Where Have All the -flowers- Designers Gone?

“Do you know any Jason Frieds”, asks Lars Pind. Just one, unfortunately. Lars is looking for interaction designers. However, I’d like to extend the question a bit. Where have all the (good) web designers gone? I recently missed a project because the client couldn’t find a talented freelance web designer to work on the ui side of the application. The gig went instead to a larger corporation that could “take care” of the interface design, too.

Now my definition of a web designer is maybe quite strict. A graphics artist sending a Photoshop comp to a developer is not a web designer. A designer that slices her comp to 26 level nested tables in Dreamweaver is not a web designer. So who is?

A web designer who calls herself professional should both have and use all of the following skills:

Top-notch graphics design
Both good eye and knowledge of the principles of graphics design, especially typography is crucial for any designer, and web design is no exception. The skills also need to be put into production so the usual graphics programs like Photoshop should work as a natural extension of one’s arm.

Standards-based (X)HTML and CSS
Many extremely talented designers fall short on this point, as seen in the recent Disney Store UK debacle. Web design is much more than meets the eye.

Information architecture
How should the site be structured, what about the search? In my opinion information architecture can not be separated from web design.

Usability and accessibility
Long neglected, often forgotten. The latter now often needs to be taken care of by the law, if nothing else rings a bell.

Pure static websites are slowly becoming history. Almost every designer needs to be able to work with some kind of template languages. Also, a web designer with no JavaScript skills whatsoever will soon be obsolete.

Interaction design
Whether Web 2.0 is here or not, web applications are becoming increasingly common, which calls for a lot more disciples of Alan Cooper, just like Lars’s post implies.

No kidding. Just like in almost any other territory, writing skills are essential for a web designer. Markets are conversations. Good designers decorate, great designers communicate. Even in written text.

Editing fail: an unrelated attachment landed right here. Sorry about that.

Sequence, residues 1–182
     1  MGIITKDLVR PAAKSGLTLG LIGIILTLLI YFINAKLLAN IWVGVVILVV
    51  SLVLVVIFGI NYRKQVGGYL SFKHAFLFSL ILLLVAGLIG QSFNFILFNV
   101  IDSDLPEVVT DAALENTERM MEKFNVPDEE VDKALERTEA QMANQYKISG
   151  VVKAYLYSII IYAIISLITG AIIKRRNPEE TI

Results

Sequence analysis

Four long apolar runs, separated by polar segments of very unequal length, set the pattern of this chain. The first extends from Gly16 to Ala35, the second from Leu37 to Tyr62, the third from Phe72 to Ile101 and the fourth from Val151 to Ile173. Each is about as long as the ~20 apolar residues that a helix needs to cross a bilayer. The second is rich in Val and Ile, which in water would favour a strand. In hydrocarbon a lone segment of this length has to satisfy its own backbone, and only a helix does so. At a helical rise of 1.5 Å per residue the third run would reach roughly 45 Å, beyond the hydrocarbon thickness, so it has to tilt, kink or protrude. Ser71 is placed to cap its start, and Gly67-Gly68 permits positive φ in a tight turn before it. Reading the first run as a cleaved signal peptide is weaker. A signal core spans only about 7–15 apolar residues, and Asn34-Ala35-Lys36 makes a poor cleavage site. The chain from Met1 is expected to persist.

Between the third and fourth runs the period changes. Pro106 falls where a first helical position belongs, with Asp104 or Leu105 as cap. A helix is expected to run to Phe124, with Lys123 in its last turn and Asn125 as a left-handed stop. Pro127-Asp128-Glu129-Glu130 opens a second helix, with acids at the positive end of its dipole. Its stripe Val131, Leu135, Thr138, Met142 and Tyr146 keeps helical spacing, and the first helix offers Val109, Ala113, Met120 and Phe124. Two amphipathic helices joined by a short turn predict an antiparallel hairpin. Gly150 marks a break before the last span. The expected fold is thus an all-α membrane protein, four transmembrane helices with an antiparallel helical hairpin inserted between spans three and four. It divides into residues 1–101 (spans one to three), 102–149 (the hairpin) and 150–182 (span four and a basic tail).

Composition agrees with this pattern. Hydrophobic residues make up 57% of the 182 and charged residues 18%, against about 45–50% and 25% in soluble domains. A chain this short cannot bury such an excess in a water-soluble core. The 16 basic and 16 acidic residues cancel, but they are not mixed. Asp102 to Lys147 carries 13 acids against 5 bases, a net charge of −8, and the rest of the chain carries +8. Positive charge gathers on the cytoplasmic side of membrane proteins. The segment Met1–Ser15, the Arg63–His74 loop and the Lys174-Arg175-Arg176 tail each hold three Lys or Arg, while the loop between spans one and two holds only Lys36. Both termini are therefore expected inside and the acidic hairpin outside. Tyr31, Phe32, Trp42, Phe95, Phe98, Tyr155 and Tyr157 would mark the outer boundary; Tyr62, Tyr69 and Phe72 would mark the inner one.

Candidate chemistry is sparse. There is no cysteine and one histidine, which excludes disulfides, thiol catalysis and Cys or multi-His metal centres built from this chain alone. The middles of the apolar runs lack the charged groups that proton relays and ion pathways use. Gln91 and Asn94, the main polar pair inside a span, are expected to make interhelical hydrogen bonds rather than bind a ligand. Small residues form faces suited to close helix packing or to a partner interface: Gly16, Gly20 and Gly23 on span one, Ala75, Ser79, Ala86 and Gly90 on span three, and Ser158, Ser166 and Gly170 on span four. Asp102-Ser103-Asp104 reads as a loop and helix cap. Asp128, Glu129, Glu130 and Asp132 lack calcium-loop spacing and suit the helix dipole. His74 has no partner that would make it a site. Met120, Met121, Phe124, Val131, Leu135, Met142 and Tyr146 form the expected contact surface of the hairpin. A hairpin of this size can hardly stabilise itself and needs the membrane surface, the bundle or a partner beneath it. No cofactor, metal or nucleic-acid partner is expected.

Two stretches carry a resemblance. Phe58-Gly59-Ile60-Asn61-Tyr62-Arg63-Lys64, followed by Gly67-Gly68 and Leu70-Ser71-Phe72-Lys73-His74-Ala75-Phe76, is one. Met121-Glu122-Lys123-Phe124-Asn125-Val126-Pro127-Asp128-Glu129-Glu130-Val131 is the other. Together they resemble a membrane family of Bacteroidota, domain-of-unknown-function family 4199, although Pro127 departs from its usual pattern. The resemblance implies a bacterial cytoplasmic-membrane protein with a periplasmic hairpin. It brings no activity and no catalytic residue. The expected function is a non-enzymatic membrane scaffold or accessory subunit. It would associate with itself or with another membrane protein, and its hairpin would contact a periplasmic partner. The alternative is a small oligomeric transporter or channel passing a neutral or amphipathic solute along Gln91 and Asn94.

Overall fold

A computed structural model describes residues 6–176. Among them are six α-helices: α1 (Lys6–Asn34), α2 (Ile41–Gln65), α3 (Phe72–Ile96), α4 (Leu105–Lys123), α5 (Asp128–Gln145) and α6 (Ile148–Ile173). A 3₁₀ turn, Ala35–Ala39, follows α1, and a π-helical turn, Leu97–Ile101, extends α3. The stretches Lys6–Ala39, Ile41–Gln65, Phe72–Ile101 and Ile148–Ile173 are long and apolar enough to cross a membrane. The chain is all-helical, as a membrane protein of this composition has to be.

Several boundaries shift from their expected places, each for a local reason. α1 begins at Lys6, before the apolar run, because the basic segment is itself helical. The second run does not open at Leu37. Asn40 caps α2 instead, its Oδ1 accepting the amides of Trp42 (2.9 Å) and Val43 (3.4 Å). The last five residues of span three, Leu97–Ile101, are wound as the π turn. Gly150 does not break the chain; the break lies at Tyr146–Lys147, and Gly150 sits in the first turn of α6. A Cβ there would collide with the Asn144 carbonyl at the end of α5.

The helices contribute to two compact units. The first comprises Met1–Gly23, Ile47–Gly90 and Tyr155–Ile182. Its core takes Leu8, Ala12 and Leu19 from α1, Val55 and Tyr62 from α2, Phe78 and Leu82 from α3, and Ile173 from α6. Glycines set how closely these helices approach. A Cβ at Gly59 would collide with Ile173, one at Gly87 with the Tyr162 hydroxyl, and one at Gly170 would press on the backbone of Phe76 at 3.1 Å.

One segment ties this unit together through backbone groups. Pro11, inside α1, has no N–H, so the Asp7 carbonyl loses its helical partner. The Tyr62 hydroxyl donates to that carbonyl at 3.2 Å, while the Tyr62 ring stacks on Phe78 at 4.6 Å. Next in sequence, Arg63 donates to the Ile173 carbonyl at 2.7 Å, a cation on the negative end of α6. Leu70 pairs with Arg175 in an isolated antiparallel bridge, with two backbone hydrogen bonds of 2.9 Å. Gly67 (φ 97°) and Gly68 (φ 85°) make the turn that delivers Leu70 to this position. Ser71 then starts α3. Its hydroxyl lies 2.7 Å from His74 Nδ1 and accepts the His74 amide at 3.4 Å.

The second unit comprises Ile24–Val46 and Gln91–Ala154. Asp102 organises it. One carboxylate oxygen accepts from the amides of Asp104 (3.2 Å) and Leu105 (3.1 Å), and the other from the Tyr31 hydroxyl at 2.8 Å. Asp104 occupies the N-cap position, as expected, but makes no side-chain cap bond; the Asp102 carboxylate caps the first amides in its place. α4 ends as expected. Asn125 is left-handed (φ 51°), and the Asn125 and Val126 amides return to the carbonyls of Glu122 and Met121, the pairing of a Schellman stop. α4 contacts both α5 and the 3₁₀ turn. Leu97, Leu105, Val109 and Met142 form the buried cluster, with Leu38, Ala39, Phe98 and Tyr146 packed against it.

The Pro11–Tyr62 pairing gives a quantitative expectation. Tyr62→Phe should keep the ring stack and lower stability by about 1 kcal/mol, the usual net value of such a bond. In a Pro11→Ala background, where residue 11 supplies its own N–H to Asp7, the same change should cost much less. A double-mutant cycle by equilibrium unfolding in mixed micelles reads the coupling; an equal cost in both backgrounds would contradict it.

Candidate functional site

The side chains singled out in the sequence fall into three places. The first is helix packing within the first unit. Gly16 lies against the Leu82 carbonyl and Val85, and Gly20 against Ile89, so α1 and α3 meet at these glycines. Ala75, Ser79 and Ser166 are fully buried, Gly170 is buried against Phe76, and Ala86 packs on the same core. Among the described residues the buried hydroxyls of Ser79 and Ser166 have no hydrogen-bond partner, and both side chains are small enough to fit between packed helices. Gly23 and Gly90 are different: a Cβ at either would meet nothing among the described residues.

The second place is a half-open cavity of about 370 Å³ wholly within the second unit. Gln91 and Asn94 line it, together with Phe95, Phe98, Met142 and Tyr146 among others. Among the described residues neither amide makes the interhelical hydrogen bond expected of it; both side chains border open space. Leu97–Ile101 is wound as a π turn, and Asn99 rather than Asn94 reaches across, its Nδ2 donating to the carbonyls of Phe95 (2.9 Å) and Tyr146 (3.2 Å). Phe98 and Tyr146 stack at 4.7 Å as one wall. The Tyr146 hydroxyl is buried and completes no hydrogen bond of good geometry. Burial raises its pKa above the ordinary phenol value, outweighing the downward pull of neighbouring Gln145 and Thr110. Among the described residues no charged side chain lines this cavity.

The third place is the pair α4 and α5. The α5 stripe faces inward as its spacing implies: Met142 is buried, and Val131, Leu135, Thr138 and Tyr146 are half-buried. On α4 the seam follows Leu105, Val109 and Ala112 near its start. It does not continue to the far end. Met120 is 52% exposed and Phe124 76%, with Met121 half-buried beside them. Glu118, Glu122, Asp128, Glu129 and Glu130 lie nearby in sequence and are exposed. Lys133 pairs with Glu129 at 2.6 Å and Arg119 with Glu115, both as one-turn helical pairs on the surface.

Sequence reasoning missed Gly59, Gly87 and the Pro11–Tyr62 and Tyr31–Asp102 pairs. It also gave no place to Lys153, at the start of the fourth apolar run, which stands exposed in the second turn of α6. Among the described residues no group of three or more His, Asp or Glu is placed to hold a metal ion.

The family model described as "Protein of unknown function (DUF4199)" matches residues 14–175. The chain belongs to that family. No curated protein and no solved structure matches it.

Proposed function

Entrepreneurship and project management
Pure selfishness, I don’t want great talents to drown into corporate behemoths.

Ability and will to learn new things constantly and fast
In A Recipe for Learning Web Design, D. Keith Robinson tells how he’s worked with fresh university graduates whose skills have been out-of-date upon graduation.

The problem with education

The problem with finding people with all these skills is that they are all self-taught and thus anything but abundant. The current offering in university class education is far from great.

Often enough, it’s not even clear who should teach web design. Art colleges teach design but many of the technical aspects go far beyond their scope. CompSci departments tend to think web design and development is not real software development and thus not worth much effort. The one unit in my university teaching HTML+CSS is the Hypermedia Lab, but again, they work under the department of mathematics and are much more interested in semantic web than web design.

So the field is about as fragmented as it gets. In fact, I only know two institutions that teach such a broad curriculum (Georgian College in Barrie, Ontario Canada, with the unparalleled Lisa McMillan holding the threads1; and Hyper Island in Sweden).

What am I missing here? Are all the (few) superstars coming from one field and then self-taught in other parts of the puzzle, or is there more real contenders in the academic field that just haven’t learned their SEO? A niche for new private universities, currently very rare in Europe? What’s the situation in your country?

1 See the November 2005 issue of the Treehouse Magazine for an illuminating interview with McMillan.